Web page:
Abdel-Wahed El-Wakil embarked on using pure Egyptian traditional vocabularies and began to integrate tradition and modernity in both a revivalist and an eclectic manner. El-Wakil borrowed his vocabulary from a wide range of traditions, including those of the Mamluk in Egypt, the Saljug in Iran, the Ottoman in Turkey and the Rasulid in Yemen.
Abdel-Wahed El-Wakil (b.1943) is an Egyptian architect, who graduated from Ain-Shams University, Cairo in 1960. El-Wakil is the recipient of two Aga Khan Awards for Architecture as well as the prestigious 2009 Driehaus Prize. El-Wakil, was described by Prince Charles as one of the late Hassan Fathy’s “most gifted students” for his commitment to revive the traditional architecture of Egypt. The sensitive relationship of new and old buildings has been a matter of great importance to El-Wakil. However, his main intention was to create architecture by integrating local tradition and modern technology. El-Wakil took pride in the purity of his intuitive methods of design and achieved buildings which descended from his country’s regional architecture.
Image credit: El-Wakil recieves the prestigious 2009 Driehaus Prize
Although, El-Wakil embarked on using pure Egyptian traditional vocabularies, he began to integrate tradition and modernity in both a revivalist and an eclectic manner. El-Wakil borrowed his vocabulary from a wide range of traditions, including those of the Mamluk in Egypt, the Saljug in Iran, the Ottoman in Turkey and the Rasulid in Yemen. In his buildings, El-Wakil skilfully combined elements of these diverse historical vocabularies into “a disciplined, aesthetically unified, and harmonious whole”. In her ‘Architecture After Modernism’, Diane Ghirardo argued that El-Wakil’s way of deploying indigenous Islamic forms on a palatial scale “liberated local Islamic building traditions from their associations with poverty and the lower classes, a strategy not so different from that of Andrea Palladio with vernacular architecture for his designs of villas in the Veneto”.
Throughout his life, Abdel-Wahid El-Wakil remained dedicated to the course of vernacular architecture and traditional building techniques. El-Wakil believed that “it is the role of art, and above all of architecture, to safeguard the environment in which the tradition can survive”. El-Wakil’s Halawa house (1972-1975) in Al-Agamy, near Alexandria, exhibited the architect’s awareness of the traditional building forms such as dome, vault, loggia, malqaf (wind-catch) and mashrabiyyhhs (wooden lattice work) as well as the traditional building techniques. For El-Wakil, the Halawa house was “a long awaited opportunity to realise the study and research [he] was undertaking in vernacular architecture”. In 1980, El-Wakil’s Halawa house received the Aga Khan Award for Architecture.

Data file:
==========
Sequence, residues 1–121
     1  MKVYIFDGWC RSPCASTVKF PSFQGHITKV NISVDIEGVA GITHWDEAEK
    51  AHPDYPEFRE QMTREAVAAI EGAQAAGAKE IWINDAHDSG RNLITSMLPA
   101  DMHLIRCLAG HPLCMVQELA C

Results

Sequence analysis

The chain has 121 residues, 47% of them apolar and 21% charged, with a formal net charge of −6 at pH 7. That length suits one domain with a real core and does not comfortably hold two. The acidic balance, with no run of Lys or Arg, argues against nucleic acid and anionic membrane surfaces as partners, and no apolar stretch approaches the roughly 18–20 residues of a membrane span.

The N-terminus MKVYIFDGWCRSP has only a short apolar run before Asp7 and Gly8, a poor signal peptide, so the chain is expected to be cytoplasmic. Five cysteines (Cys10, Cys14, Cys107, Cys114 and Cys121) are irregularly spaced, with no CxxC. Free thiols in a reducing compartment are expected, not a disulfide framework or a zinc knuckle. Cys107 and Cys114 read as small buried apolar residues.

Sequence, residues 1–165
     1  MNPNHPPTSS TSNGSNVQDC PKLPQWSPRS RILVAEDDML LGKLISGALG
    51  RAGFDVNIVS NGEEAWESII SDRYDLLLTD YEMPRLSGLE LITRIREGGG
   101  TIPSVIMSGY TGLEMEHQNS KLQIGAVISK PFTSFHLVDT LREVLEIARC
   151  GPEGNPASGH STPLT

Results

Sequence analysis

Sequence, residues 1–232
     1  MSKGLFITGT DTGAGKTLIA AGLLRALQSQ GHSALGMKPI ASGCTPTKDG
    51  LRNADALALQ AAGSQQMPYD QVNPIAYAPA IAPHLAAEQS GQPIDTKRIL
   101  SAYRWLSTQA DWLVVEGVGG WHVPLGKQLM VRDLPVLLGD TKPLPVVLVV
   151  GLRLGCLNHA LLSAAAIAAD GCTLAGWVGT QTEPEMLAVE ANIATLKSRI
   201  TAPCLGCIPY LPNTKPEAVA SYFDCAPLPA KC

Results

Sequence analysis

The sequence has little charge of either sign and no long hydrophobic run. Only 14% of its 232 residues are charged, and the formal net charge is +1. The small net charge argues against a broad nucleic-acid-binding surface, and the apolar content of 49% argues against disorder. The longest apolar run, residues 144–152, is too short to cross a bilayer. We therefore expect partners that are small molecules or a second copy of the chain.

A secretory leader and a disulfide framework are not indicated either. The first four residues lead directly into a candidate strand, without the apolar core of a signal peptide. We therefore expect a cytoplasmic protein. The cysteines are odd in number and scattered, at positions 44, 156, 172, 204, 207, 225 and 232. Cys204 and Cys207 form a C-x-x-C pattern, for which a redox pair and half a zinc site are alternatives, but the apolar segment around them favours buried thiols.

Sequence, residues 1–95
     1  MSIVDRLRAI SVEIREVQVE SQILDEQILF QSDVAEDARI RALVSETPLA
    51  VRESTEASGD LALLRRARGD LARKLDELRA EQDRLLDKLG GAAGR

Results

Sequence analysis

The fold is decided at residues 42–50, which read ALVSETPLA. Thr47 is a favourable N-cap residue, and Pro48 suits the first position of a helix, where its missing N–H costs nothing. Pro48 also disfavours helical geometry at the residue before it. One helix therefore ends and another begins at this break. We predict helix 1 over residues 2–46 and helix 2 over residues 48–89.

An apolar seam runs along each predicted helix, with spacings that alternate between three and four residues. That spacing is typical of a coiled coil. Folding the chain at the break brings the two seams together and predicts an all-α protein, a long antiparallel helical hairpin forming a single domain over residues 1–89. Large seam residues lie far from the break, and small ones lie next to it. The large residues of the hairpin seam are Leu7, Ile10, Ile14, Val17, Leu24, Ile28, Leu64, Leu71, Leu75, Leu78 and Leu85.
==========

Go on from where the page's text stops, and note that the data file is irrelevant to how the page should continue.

Image credit: Halawa house (1972-1975) in Al-Agamy, near Alexandria, Egypt
El-Wakil’s traditional approach has also begun to flourish in mosque architecture, where he built more than eleven mosques in Saudi Arabia. Of note, the Corniche mosque, Jeddah, built in 1986, demonstrates the extent of traditional architecture on El-Wakil. Although built in Saudi Arabia, El-Wakil combined elements of Islamic architecture and the Egyptian vernacular. The Corniche mosque featured traditional forms such as the squinched-dome and the vault. El-Wakil also used local materials as well as employing the traditional method of construction. Although the Corniche mosque is a small-scale building, the way its elements are tied together and the form of its minaret take “the concept of the minimal mosque to the absolute limit”. Chris Abel believes that the mosque externally and internally “possesses a three-dimensional quality and authority that belies its minute size”. The Corniche mosque was awarded the Aga Khan Award for Architecture in 1986. The jury citation stated that El-Wakil should be cited as a proponent for innovative sitting, for rethinking classical methods of building, and for the effort to compose formal elements in ways that bespeak the present and at the same time reflect the luminous past of Islamic societies.
Image credit: The Corniche mosque, Jeddah, built in 1986
Undoubtedly, El-Wakil’ provided some of the essential bridges between the architectural culture of the past and that of the late twentieth century. In fact, the work of El-Wakil has indicated that an individual was neither capable of discovering new forms nor of simply imitating past styles, but that the creation of new forms is the result of a continuum of multi-generational collective work. For El-Wakil, the essence of architecture was not to reveal genius, but rather to achieve knowledge and mastery of craft and construction.
1. Charles, Prince of Wales, A Vision of Britain: A Personal View of Architecture. London, 1989, p. 11.
2. Al-Asad, Mohammad, The Mosques of Abdel Wahed El-Wakil. Mimar: Architecture in Development, v.12, no.42, March 1992, p. 34.
3. Diane Ghirardo, Architecture After Modernism. London, 1996, p. 141.
4. Lucien Steil, Tradition & Architecture. Architectural Design, v. 57, no. 5 / 6, 1987, p. 53.
5. Holod, Renata and Darl Rastorfer, Architecture and Community: Building in the Islamic World Today. New York, 1983. pp. 58, 113-117.
Chris Abel, Work of El-Wakil. The Architectural Review, November 1986, p. 55.
Serageldin, Ismail, and James Steele, Architecture of The Contemporary Mosque. London, 1996, p. 51.